Canned insects containing “the same nutritional value” as live… Thoughts? 🤔

I was browsing products for reptiles, and stumbled upon these canned dubias:

They make a bold sales pitch:

“Your reptile pal deserves a treat! Symton Large Dubia Roaches Canned Reptile Treats are made with irresistible Dubia roaches that have been freshly preserved and are ready to eat. These canned treats contain the same nutritional value and delicious taste as fresh treats, but have a shelf life of up to three years unopened. Once you open a can, simply pop it in the fridge and it will stay fresh for up to one week. They’re also a great source of protein for your pet, and come with a super convenient plastic lid to reseal the can.”

They have nutrition facts listed, as well:

Blaptica dubia.

Guaranteed Analysis
|Crude Protein|23.4% min|
|Crude Fat|7.2% min|
|Crude Fiber|2.9% max|
|Moisture|65.6% max|
|Ash|1.2% max|”

It sounds very tempting… Most brands I’ve seen also state that their insects were gut loaded prior to being canned, and also that no additives or preservatives are present at any stage.

Gutloading (or rather, lack thereof) is the most common reason I’ve seen given for avoiding canned insects. Aside from lack of stimulation from hunting (which could actually be a good thing, in cases of timid species that tend to run away from their intended meals…), would there be any other negatives to using these or a similar product (provided the animal in question will eat non-moving food)? I know that for dubias in particular, some keepers are unable to provide live feeders due to state laws regarding potentially invasive insects… Would using canned insects allow for more varied diets, or even allow us to provide prey closer to what a given species might encounter in its native habitat?


I have no experience with it but my sisters kids have kept their bearded dragon alive on veggies and ffeeze dried meal worms for several years beyond where I assumed it would it die.

Travis what are your thoughts? @t_h_wyman


I used to supplement my beardie with freeze-dried mealworms and crickets, but I was always told canned and freeze-dried were less nutritious than live, so they were never his primary insect diet. I’d just put a few freeze-dried insects on top of his salad to get him to eat his veggies.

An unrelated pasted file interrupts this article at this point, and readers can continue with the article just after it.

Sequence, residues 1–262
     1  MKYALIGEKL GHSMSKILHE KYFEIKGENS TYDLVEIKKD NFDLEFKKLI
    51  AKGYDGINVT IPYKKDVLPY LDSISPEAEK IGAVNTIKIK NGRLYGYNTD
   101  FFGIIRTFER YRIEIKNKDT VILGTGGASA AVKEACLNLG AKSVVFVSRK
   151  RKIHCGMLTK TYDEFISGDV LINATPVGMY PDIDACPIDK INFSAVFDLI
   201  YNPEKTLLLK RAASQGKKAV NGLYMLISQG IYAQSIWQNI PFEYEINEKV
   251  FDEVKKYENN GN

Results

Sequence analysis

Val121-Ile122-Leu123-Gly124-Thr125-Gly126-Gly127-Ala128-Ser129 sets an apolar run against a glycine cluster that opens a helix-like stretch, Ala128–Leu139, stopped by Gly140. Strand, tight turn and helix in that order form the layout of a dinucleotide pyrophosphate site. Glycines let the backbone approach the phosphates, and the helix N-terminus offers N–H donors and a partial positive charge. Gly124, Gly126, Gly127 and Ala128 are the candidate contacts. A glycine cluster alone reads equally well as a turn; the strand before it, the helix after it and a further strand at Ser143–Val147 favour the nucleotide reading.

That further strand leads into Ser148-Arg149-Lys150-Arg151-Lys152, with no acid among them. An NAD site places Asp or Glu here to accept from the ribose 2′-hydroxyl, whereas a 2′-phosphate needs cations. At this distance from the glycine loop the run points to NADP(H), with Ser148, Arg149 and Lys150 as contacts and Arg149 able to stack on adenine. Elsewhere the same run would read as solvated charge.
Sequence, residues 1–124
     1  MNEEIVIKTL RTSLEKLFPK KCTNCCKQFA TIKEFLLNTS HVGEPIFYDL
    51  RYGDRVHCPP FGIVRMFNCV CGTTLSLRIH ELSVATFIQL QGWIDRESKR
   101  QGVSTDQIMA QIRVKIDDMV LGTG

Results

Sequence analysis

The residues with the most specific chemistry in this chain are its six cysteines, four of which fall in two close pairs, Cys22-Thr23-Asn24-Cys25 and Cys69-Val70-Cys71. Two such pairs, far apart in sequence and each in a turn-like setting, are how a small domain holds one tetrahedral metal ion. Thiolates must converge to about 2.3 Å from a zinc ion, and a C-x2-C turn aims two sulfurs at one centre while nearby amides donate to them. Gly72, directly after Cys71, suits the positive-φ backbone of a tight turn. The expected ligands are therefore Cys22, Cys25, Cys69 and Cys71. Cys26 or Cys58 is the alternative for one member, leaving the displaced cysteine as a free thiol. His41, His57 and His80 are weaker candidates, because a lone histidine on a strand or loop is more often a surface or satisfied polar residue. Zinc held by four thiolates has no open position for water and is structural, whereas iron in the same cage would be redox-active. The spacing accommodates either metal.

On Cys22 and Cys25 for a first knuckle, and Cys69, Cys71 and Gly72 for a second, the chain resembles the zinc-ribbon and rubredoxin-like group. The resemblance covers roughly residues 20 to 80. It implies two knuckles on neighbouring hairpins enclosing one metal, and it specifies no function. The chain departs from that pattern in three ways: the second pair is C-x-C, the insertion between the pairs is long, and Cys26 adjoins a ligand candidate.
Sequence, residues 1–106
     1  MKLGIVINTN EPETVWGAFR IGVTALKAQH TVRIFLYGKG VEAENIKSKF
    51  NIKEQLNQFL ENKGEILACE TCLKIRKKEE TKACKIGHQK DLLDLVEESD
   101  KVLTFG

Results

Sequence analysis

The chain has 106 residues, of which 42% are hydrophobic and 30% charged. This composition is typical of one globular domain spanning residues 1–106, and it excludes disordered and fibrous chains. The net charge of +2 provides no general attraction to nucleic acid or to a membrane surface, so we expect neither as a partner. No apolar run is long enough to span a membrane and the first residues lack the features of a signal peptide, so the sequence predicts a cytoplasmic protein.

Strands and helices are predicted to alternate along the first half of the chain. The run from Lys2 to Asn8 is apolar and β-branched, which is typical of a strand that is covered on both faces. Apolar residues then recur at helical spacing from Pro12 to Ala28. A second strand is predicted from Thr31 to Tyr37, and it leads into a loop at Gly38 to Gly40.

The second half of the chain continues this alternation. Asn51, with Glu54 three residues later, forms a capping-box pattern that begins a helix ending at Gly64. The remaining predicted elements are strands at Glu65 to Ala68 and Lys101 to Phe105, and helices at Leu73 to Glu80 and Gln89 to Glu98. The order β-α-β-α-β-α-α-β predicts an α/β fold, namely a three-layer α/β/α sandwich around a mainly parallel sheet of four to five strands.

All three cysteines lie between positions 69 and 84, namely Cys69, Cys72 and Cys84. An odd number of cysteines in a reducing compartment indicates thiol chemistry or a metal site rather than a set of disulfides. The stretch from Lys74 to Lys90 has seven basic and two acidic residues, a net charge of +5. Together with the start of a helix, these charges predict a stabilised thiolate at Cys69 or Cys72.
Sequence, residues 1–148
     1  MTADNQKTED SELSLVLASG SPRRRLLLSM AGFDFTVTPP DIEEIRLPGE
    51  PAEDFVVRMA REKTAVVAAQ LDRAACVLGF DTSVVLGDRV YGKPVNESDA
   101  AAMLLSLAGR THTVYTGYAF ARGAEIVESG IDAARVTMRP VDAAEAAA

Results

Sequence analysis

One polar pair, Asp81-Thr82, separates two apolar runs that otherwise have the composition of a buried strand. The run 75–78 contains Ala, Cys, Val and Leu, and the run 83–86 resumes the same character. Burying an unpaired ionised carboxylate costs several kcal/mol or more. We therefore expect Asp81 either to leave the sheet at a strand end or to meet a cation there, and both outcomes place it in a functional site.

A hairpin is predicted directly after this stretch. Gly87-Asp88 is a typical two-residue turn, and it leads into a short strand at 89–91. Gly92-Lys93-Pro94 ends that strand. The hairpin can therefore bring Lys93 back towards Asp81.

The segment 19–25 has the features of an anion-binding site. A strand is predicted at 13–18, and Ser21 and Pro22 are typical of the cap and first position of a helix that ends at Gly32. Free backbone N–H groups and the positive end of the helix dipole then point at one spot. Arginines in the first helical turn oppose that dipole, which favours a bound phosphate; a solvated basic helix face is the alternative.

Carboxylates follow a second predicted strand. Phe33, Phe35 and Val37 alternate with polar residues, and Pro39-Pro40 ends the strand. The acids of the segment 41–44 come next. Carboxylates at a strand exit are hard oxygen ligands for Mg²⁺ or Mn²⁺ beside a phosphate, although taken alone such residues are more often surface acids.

But that was 20 years ago, so maybe they’re better these days. :person_shrugging:

One thing to keep in mind is that you’d just have to take the company at their word that the insects were indeed gut-loaded effectively. When you feed live, you have total control over how you gut-load them, so you can be totally sure you’re making them as nutritious as possible. For that reason alone, I’d probably be hesitant to feed an insect-eating animal only canned/dried insects, but I don’t see anything wrong with using them as a supplemental treat.


Jarred bugs are basically no different than jarred human food and have the same shortcomings:

  • Reduced nutrition versus fresh (not massive reduction, but still less)
  • Possible preservatives (yes, I know they say they do not use any but read the ingredient list and you will likely find otherwise)
  • Countdown once you open the can (will you be able to feed off the contents before they spoil?)
  • Storage of the opened can (your family may not appreciate slimy, possibly smelly, bugs in the fridge)
  • Expiration date (self-explanatory, I would put these more toward ‘actually expire’ and not so much ‘best by…’)

All that said, if your animal will take them then I do not see a problem with using them as a supplemental feeder or as part of a varied diet. I just would not feed with them exclusively


Freeze dried is kind of another can of worms (sorry—the opportunity was too good to waste :joy:)… I worry about hydration, though I think I heard of some people “re-hydrating” them, by soaking beforehand? But… that sounds a lot nastier/smellier/messier than just getting them in canned form. :confounded:

Yeah, I hear you on the gutloading thing. Could a nutritional analysis determine whether or not an insect (in whole form) was gutloaded properly before canning? Would there be a reason for a company to cut corners on that? My experience with invertebrates is limited, but isn’t it pretty cost-effective to just cultivate them on the block/cake/flake style feeds that most keepers use? I always assumed that was just how bugs were typically “farmed”, to ensure the best size and yield, and for ease of feeding? I’d be very curious to see how various producers differ in their approach.